Salary matters, but it is not the only thing young people look for in their job-hunt.
Financial remuneration is the most motivating factor for more than one third of respondents in the survey about the employment of young people carried out by the Central Office of Labour, Social Affairs and Family (ÚPSVaR) in 2014. But employers who offer more than just a good salary are attractive for young jobseekers too, including benefits, a good training programme and having a mentor who can motivate them.
Employers do see some advantages of hiring a young unemployed person, as young people are more dynamic, flexible, and adaptable. So said 17.14 percent of the surveyed employers, while another slightly more than 17 percent responded that young people are good employees because they adjust well to the requirements of the company and are easily formed. More than a quarter of the employers said they consider an active approach to work as decisive in hiring a young unemployed person.
Employers usually want employees who do not require additional training to take up the job, because training means additional costs for the employer, ÚPSVaR noted. Employers tend to complain about the poor preparation of young people.
“Graduates are usually insufficiently prepared in communication skills, ability to make independent decisions, practical professional knowledge and skills, language skills, and IT skills,” Veronika Husárová, spokesperson of the Labour Ministry, told The Slovak Spectator, citing the survey.
What discourages employers from hiring young jobseekers is their lack of experience (as stated by 16.9 percent in the survey),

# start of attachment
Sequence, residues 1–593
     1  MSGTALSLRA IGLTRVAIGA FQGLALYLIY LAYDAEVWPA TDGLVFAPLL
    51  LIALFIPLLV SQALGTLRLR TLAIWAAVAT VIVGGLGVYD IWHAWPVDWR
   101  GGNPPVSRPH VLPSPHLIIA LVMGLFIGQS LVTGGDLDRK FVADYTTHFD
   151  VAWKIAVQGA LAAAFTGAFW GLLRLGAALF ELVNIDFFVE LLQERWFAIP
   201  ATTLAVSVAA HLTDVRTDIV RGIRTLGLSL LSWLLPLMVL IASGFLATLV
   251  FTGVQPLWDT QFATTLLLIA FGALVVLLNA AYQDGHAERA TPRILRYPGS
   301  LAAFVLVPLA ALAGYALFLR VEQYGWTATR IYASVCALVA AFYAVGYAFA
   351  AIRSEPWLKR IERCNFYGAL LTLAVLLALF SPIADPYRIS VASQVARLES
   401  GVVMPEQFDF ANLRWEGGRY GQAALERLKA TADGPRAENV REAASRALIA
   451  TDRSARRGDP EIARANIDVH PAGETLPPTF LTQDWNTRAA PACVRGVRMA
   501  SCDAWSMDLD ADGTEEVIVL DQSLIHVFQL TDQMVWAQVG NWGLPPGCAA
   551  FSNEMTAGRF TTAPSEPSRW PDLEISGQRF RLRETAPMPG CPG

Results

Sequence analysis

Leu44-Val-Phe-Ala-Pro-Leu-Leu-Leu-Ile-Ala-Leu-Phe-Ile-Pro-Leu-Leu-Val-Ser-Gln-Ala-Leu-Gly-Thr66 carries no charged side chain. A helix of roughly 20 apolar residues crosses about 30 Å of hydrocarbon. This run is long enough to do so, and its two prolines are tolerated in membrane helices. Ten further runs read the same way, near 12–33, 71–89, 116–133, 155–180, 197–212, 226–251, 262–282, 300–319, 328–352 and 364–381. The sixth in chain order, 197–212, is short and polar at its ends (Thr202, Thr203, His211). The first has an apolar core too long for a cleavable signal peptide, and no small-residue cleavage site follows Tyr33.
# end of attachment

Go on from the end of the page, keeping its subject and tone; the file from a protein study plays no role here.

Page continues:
but, more notably, their salary requirements (18.62 percent).
Young people coming to the labour market have high salary expectations, sociologist Zuzana Kusá from the Institute for Sociology of Slovak Academy of Sciences noted. Even those with the least qualifications can now compare the salary offered by a Slovak company with a similar one abroad, and thus they have higher expectations, she explained.
“It is not possible to start an independent life on minimum wage, to dress decently, rent accommodation, and so on,” she told The Slovak Spectator. Additionally, if people under 25 years of age live in one household with their unemployed parents, their salary may threaten the allowances that their parents receive.
The Spectator College is a programme designed to support the study and teaching of English in Slovakia, as well as to inspire interest in important public issues among young people. The project was created by The Slovak Spectator in cooperation with their exclusive partner – the Leaf Academy.
6. Feb 2017 at 13:43 | Adriana Petková